Once again, Lord Justice Leveson finds himself in the news, and once again, the gulf between reality and reporting is significant enough to shame the Fourth Estate – if only it had any shame. Commons culture Committee chairman John Whittingdale would like Leveson to appear and has said “I think we would like to hear his views on the developments that have taken place since the publication of the report”.
How so? “As the man [who] authored the report and spent 18-months looking at it and reaching conclusions, we would like to hear his view of what is on the table”, Whittingdale explained. There were now two rival Royal Charters, and the question arose as to whether either of them delivered what Leveson had in mind when he delivered his report, along with its conclusions.
So that’s that: what the Committee wants is some guidance on how compliant the Royal Charters are with Leveson’s original proposals. But that isn’t how the obedient hackery of the legendarily foul mouthed Paul Dacre sees it: “Leveson is summoned by MPs for a grilling: Judge called to give evidence on future of press regulation” thunders the Mail headline. And, as the man said, there’s more.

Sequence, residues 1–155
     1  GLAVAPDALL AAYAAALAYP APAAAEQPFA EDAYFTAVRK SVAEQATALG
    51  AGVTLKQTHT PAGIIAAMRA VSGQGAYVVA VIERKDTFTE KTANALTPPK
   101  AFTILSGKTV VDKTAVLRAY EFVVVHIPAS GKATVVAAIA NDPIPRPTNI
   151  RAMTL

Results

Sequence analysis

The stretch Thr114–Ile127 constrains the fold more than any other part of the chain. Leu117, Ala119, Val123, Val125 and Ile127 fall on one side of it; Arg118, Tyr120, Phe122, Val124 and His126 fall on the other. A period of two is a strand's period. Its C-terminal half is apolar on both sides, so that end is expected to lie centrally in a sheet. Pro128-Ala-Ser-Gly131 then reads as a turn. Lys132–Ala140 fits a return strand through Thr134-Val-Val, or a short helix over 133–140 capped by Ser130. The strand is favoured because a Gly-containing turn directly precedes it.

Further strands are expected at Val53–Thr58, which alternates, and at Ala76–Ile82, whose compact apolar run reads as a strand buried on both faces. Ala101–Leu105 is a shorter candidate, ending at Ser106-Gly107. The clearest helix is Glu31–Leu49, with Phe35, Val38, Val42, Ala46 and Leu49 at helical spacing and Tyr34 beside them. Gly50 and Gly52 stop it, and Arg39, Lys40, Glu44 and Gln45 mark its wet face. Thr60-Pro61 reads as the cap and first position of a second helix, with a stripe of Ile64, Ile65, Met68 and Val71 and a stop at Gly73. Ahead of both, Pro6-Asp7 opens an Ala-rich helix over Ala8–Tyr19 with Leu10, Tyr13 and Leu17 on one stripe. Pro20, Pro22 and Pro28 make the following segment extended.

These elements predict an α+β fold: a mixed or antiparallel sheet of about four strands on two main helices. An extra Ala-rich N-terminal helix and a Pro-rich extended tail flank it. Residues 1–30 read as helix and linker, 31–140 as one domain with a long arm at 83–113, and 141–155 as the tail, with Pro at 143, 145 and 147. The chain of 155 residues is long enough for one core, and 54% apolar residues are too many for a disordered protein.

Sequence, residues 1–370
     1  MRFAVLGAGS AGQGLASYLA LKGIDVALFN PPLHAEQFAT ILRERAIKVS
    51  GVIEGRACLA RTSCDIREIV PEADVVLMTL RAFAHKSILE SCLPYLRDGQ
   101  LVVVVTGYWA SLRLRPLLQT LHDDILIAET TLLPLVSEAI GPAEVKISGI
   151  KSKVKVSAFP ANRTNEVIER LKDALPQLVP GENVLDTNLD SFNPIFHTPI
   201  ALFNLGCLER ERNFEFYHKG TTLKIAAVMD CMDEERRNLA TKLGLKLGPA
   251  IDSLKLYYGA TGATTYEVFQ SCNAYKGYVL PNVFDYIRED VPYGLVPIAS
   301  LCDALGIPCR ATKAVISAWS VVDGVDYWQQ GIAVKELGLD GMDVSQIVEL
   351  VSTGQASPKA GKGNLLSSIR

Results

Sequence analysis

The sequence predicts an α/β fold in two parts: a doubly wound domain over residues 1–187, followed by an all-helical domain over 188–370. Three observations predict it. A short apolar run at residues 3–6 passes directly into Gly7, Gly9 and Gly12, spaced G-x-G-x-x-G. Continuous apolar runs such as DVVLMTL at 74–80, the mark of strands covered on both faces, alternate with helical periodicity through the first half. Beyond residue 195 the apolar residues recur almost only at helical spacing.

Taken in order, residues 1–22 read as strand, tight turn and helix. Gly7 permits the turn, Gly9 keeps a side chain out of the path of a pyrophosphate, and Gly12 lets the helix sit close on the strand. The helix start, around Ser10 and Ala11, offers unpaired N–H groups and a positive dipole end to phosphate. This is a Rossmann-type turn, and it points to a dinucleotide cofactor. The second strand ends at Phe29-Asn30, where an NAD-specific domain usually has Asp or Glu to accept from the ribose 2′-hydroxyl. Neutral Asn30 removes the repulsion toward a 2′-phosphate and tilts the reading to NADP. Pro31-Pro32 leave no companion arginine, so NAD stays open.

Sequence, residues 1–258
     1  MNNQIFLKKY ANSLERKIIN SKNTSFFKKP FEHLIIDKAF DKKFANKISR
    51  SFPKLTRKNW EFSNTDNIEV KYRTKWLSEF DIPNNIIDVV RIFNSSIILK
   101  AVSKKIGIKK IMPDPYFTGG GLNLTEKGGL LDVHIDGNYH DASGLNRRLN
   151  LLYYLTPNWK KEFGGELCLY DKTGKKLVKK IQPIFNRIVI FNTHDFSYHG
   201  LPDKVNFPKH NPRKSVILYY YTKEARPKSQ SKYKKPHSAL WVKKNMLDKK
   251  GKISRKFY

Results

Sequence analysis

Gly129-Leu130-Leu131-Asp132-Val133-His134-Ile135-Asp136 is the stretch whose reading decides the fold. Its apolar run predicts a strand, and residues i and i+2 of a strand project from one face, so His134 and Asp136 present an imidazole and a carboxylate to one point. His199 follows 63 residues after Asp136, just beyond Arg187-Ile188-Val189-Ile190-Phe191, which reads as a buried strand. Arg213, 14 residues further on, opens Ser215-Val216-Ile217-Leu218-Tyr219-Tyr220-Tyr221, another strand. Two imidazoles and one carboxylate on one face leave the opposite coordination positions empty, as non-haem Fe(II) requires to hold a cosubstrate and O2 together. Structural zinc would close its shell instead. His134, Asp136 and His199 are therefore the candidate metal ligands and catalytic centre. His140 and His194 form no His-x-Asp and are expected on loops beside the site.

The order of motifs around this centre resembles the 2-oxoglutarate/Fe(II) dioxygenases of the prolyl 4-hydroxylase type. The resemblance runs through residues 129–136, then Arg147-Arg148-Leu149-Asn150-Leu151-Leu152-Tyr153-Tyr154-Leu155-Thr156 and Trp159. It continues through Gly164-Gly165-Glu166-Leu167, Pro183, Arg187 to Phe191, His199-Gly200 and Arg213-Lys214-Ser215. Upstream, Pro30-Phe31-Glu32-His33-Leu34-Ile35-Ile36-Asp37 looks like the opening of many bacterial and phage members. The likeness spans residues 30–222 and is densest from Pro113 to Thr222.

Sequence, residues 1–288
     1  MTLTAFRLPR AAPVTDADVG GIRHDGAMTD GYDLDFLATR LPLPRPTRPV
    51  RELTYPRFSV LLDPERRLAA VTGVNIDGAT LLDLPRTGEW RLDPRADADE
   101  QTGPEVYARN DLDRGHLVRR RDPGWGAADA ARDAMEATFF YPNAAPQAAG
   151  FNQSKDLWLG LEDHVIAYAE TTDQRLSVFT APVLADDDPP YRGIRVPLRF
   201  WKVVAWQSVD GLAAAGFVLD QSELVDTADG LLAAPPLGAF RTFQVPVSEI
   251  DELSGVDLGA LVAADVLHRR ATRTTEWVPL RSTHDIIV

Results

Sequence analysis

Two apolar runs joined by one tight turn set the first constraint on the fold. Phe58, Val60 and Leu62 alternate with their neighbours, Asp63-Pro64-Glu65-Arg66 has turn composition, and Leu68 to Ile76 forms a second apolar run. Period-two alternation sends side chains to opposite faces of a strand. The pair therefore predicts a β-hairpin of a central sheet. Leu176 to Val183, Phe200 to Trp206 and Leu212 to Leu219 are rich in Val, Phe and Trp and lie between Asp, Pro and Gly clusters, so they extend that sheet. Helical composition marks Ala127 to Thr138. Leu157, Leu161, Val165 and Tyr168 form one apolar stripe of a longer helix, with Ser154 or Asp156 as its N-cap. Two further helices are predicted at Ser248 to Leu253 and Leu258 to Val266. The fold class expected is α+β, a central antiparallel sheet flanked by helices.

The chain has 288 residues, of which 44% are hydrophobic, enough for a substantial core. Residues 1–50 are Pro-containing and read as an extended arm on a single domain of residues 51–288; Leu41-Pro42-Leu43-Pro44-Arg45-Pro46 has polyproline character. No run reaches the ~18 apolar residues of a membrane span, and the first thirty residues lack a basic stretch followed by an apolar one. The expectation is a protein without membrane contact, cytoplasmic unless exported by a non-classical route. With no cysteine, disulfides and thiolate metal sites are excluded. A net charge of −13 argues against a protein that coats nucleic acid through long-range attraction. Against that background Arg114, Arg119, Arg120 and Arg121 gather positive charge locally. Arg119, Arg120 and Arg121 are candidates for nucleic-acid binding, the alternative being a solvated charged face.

Questioning would be “expected to include the issue of why wider evidence of phone hacking and surveillance by law and insurance firms was not highlighted in his report”. Brilliant, James Chapman, Mail Political Editor. Attaboy, obedient Dacre doggie. You know sodding well why it wasn’t “highlighted”: what part of “To inquire into the culture, practices, and ethics of the press” do you not understand?
Chapman continues to obey His Master’s Voice: “Lord Justice Leveson is also likely to be questioned about the revelation that a lawyer to his inquiry had an affair with a barrister representing celebrities complaining about the Press”. No he intercoursing well isn’t. Or does Paul Dacre have delusions of running Government, rather than merely scaring the shit out of far too many MPs?
It’s no better at the Murdoch Sun: “MPs order hacking judge to face grilling” is the totally dishonest sub-heading. The invention in the article extended to “a potential constitutional crisis looms” (bullshit), “a ‘strongly worded’ letter” (it wasn’t), and “committee chairman John Whittingdale said their patience had snapped”, which he didn’t, because it hadn’t. The Sun is full value for its 10% trust rating.
Oh hang on, the Sun has a quote. From rent-a-quote Tory Conor Burns: “It’s disappointing it hasn’t been a more straightforward exercise to get him to appear before us”. It’s equally disappointing that the Commons culture Committee has to call on purveyors of meaningless drivel like him, who can’t see that the press is pursuing a particularly nasty self-interest agenda here.
And that agenda means resisting independent press regulation at every turn.